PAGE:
UWB communications systems have a number of advantages over conventional systems. Broadly speaking, the very large bandwidth facilitates very high data rate communications and since pulses of radiation are employed the average transmit power (and also power consumption) may be kept low even though the power in each pulse may be relatively large. Also, since the power in each pulse is spread over a large bandwidth the power per unit frequency may be very low indeed, allowing UWB systems to coexist with other spectrum users and, in military applications, providing a low probability of intercept. The short pulses also make UWB communications systems relatively unsusceptible to multipath effects since multiple reflections can in general be resolved. Finally UWB systems lend themselves to a substantially all-digital implementation, with consequent cost savings and other advantages.
The transmit chain comprises an impulse generator 108 modulatable by a baseband transmit data input 110, and an antenna driver 112. The driver may be omitted since only a small output voltage swing is generally required. One of a number of modulation techniques may be employed, typically either OOK (on-off keying i.e. transmitting or not transmitting a pulse), M-ary amplitude shift keying (pulse amplitude modulation), or PPM (pulse position modulation i.e. dithering the pulse position). Typically the transmitted pulse has a duration of <1 ns and may have a bandwidth of the order of gigahertz.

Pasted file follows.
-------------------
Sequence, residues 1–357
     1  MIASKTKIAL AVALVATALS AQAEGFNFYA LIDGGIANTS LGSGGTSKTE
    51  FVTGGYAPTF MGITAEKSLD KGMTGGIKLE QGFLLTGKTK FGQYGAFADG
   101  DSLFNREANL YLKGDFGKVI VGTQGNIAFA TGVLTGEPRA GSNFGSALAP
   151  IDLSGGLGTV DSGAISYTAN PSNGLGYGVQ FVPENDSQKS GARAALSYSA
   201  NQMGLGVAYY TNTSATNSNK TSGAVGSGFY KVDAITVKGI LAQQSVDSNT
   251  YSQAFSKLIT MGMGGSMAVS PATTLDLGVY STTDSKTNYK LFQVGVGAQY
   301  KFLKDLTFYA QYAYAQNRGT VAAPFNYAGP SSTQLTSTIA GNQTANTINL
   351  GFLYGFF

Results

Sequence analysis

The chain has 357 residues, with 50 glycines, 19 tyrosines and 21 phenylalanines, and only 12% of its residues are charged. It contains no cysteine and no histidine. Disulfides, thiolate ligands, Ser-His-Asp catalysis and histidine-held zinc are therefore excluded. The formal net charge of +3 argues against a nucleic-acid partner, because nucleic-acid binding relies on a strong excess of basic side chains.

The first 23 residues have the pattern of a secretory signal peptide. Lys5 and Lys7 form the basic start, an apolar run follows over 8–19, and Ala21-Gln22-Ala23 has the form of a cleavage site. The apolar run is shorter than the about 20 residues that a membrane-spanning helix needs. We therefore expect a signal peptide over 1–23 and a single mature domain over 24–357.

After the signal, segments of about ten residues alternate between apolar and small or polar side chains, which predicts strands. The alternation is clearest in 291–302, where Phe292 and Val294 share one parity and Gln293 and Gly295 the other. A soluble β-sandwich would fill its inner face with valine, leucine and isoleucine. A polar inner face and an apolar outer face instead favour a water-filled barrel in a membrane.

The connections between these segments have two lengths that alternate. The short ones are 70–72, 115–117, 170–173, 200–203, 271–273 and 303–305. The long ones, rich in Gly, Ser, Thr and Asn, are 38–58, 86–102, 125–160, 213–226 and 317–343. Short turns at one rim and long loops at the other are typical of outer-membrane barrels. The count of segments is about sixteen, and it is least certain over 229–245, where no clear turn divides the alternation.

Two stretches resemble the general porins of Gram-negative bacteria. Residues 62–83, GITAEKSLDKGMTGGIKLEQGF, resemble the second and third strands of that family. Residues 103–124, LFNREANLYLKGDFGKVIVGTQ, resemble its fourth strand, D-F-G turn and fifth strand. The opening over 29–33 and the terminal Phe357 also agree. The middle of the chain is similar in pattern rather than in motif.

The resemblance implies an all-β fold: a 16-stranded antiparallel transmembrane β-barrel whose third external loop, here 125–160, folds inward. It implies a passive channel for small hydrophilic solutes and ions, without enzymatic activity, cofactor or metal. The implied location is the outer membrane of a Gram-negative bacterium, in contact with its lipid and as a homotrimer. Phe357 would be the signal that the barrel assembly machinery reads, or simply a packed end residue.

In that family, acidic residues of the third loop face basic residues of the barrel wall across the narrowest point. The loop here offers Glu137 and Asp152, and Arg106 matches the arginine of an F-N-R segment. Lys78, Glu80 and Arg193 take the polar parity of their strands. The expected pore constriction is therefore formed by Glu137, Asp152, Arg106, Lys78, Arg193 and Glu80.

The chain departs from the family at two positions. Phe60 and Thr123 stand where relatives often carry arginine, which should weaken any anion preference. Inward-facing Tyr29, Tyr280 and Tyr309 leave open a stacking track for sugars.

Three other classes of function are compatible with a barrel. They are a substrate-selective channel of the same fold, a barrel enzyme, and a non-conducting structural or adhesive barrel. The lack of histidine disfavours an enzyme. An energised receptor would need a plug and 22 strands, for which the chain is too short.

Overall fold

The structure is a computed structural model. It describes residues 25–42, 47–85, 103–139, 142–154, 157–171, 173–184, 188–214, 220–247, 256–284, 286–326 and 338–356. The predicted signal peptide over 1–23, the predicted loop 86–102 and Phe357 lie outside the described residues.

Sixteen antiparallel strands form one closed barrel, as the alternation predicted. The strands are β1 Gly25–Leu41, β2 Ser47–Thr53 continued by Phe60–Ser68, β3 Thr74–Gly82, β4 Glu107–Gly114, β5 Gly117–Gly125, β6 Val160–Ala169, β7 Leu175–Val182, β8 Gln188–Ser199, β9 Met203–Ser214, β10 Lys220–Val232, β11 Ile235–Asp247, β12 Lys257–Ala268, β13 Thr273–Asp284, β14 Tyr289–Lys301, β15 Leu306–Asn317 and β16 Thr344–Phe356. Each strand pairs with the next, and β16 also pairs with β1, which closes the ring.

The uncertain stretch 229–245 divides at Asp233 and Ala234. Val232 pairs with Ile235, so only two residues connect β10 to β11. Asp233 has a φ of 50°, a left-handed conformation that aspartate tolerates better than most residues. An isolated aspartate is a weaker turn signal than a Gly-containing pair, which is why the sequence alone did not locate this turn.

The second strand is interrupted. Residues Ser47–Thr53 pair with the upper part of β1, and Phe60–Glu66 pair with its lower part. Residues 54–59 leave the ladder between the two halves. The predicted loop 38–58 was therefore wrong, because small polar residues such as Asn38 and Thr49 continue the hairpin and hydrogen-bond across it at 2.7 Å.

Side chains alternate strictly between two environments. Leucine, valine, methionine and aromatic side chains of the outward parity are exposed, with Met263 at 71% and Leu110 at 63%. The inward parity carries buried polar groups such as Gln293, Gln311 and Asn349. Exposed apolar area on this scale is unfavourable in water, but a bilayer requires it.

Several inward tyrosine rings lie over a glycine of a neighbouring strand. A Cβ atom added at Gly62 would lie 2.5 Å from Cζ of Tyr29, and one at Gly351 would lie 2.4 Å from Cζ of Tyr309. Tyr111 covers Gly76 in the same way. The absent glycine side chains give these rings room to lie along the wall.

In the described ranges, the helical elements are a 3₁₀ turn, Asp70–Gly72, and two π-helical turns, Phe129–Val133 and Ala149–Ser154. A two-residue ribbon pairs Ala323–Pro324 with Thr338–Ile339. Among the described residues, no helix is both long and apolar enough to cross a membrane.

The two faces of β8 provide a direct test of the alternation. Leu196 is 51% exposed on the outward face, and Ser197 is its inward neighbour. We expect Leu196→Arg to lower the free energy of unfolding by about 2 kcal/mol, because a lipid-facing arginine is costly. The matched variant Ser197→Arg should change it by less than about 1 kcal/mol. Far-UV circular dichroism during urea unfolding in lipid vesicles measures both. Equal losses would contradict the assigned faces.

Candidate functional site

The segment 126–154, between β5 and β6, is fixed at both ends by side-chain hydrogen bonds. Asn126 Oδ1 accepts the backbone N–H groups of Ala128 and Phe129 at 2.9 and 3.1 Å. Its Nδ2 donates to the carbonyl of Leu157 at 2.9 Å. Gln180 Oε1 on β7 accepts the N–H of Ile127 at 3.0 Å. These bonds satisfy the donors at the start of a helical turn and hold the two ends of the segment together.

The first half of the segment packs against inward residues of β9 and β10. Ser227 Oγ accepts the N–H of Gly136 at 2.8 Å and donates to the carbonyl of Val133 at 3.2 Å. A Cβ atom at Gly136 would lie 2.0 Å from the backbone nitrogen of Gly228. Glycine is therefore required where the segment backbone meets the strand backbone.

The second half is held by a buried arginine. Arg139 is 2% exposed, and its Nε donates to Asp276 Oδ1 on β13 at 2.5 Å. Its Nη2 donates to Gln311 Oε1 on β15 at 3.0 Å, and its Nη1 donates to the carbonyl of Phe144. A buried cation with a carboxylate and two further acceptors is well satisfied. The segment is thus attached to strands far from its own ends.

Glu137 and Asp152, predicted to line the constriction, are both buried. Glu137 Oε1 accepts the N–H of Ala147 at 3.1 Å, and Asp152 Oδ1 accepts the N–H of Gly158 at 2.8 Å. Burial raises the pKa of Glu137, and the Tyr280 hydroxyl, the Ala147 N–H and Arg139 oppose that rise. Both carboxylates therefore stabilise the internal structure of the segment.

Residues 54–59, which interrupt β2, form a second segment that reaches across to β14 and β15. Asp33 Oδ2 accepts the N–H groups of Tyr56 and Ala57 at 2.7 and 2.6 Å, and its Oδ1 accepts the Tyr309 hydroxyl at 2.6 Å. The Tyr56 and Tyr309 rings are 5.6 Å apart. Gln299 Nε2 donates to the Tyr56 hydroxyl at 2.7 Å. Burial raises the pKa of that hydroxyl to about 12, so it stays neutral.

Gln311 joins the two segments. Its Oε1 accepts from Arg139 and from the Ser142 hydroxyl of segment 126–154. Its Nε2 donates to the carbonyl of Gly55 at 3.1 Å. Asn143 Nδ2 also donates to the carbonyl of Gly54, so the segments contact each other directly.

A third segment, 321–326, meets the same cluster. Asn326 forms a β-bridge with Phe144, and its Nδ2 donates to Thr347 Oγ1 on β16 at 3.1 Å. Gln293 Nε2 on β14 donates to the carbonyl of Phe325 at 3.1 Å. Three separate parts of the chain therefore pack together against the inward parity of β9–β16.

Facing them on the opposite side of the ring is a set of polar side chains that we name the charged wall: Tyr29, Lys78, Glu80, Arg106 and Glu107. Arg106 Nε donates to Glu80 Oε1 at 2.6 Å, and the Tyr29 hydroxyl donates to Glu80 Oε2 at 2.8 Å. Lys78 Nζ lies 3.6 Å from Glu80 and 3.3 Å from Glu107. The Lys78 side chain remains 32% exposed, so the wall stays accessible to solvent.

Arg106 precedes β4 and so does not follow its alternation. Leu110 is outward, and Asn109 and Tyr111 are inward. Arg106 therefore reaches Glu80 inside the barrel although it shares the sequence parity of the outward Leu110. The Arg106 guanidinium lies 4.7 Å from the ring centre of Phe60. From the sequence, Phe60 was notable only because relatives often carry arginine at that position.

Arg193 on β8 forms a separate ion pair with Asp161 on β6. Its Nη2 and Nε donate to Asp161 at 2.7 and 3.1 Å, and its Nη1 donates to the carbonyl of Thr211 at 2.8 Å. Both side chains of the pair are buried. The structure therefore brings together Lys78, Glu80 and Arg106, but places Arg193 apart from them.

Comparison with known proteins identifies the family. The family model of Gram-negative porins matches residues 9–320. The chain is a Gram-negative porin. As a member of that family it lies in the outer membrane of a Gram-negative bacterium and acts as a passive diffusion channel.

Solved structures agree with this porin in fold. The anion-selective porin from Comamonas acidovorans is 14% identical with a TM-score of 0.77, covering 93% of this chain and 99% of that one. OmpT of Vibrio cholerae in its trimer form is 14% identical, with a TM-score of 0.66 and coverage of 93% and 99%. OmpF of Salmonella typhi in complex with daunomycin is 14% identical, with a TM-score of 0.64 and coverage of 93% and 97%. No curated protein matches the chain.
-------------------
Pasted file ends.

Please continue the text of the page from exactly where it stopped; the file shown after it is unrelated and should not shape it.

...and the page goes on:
The receive chain typically comprises a low noise amplifier (LNA) and automatic gain control (AGC) stage 114 followed by a correlator or matched filter (MF) 116, matched to the received pulse shape so that it outputs an impulse when presented with rf energy having the correct (matching) pulse shape. The output of MF 116 is generally digitised by an analogue-to-digital convertor (ADC) 118 and then presented to a (digital or software-based) variable gain threshold circuit 120, the output of which comprises the received data. The skilled person will understand that forward error correction (FEC) such as block error coding and other baseband processing may also be employed, but such techniques are well-known and conventional and hence these is omitted for clarity.